When Dennis Marx tried to storm the Forsyth County Courthouse Friday, little did he realize the deputy who would stop him had just completed one-of-a-kind training two days earlier.
James Daniel Rush, a Forsyth County deputy, is one of 280 law enforcement members required to pass highly-specialized training twice annually.
"We just try to overload their senses with sounds and visual effects," explained Forsyth County Sgt. Richard Thompson, who created the grueling and highly-realistic drill.
The drill is similar to how SWAT members train, except Forsyth County requires all of its deputies to participate, all the way down to school resource officers.
"When they get into a fire fight, I want their mind to say I've been here before, and I know what to do," said Thompson.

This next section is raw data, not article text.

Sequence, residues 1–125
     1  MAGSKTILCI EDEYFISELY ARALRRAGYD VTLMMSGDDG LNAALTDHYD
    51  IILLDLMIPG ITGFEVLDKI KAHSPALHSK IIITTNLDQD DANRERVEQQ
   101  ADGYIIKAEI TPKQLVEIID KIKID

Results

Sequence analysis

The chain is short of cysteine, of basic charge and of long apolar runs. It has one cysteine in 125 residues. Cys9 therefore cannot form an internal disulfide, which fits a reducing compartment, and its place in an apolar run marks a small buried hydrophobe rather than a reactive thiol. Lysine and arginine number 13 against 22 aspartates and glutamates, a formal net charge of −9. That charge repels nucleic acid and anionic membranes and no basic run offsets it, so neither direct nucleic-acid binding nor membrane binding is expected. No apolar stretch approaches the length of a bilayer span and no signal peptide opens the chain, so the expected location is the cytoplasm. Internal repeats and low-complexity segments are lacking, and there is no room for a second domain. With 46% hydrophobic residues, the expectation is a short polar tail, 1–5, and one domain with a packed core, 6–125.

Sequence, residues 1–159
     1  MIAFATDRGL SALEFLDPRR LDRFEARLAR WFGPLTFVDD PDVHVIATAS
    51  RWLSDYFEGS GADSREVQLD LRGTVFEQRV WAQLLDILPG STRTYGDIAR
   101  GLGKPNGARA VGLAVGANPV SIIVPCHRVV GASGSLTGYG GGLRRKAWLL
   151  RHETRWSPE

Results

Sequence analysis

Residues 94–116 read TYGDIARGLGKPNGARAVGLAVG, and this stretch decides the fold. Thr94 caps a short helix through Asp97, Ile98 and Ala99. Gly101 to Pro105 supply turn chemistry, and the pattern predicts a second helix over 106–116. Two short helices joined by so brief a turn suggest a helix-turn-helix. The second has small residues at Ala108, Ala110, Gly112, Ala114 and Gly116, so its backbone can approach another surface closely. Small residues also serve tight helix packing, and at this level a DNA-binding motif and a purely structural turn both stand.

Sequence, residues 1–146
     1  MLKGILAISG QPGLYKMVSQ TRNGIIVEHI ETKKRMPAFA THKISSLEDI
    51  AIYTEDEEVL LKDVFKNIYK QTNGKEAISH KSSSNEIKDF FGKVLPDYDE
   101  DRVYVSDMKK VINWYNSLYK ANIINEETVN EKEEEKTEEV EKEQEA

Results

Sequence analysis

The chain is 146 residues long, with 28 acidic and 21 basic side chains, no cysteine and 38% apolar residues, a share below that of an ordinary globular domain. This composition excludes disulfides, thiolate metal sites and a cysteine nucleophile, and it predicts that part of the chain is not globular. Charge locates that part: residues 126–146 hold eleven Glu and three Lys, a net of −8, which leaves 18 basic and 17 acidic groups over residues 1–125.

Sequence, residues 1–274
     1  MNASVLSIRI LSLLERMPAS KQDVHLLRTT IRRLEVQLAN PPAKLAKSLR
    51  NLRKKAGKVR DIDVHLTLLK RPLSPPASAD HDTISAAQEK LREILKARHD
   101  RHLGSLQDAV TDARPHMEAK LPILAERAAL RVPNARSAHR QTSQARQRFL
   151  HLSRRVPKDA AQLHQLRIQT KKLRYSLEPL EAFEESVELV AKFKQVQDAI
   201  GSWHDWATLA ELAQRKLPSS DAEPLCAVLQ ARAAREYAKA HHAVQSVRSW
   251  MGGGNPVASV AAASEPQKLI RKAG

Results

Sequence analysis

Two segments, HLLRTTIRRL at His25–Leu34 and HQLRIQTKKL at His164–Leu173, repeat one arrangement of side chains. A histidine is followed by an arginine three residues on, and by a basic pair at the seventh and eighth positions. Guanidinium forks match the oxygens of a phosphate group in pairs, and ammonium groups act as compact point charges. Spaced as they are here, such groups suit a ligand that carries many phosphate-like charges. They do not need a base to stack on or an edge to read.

The training, which takes place in Pickens County, involves live fire, mock victims and moving targets.
"Your adrenaline gets up; you have to watch everything." explained Deputy First Class Chris Glowcheski, upon completing the four-minute long drill.
In fact, Thompson pointed out the first people to respond to Friday's shooting were not SWAT members, rather deputies. He said how successfully they responded demonstrates the effectiveness of their training. "They train to this level and can operate just as effectively as our SWAT guys can under pressure; we push them to that limit."
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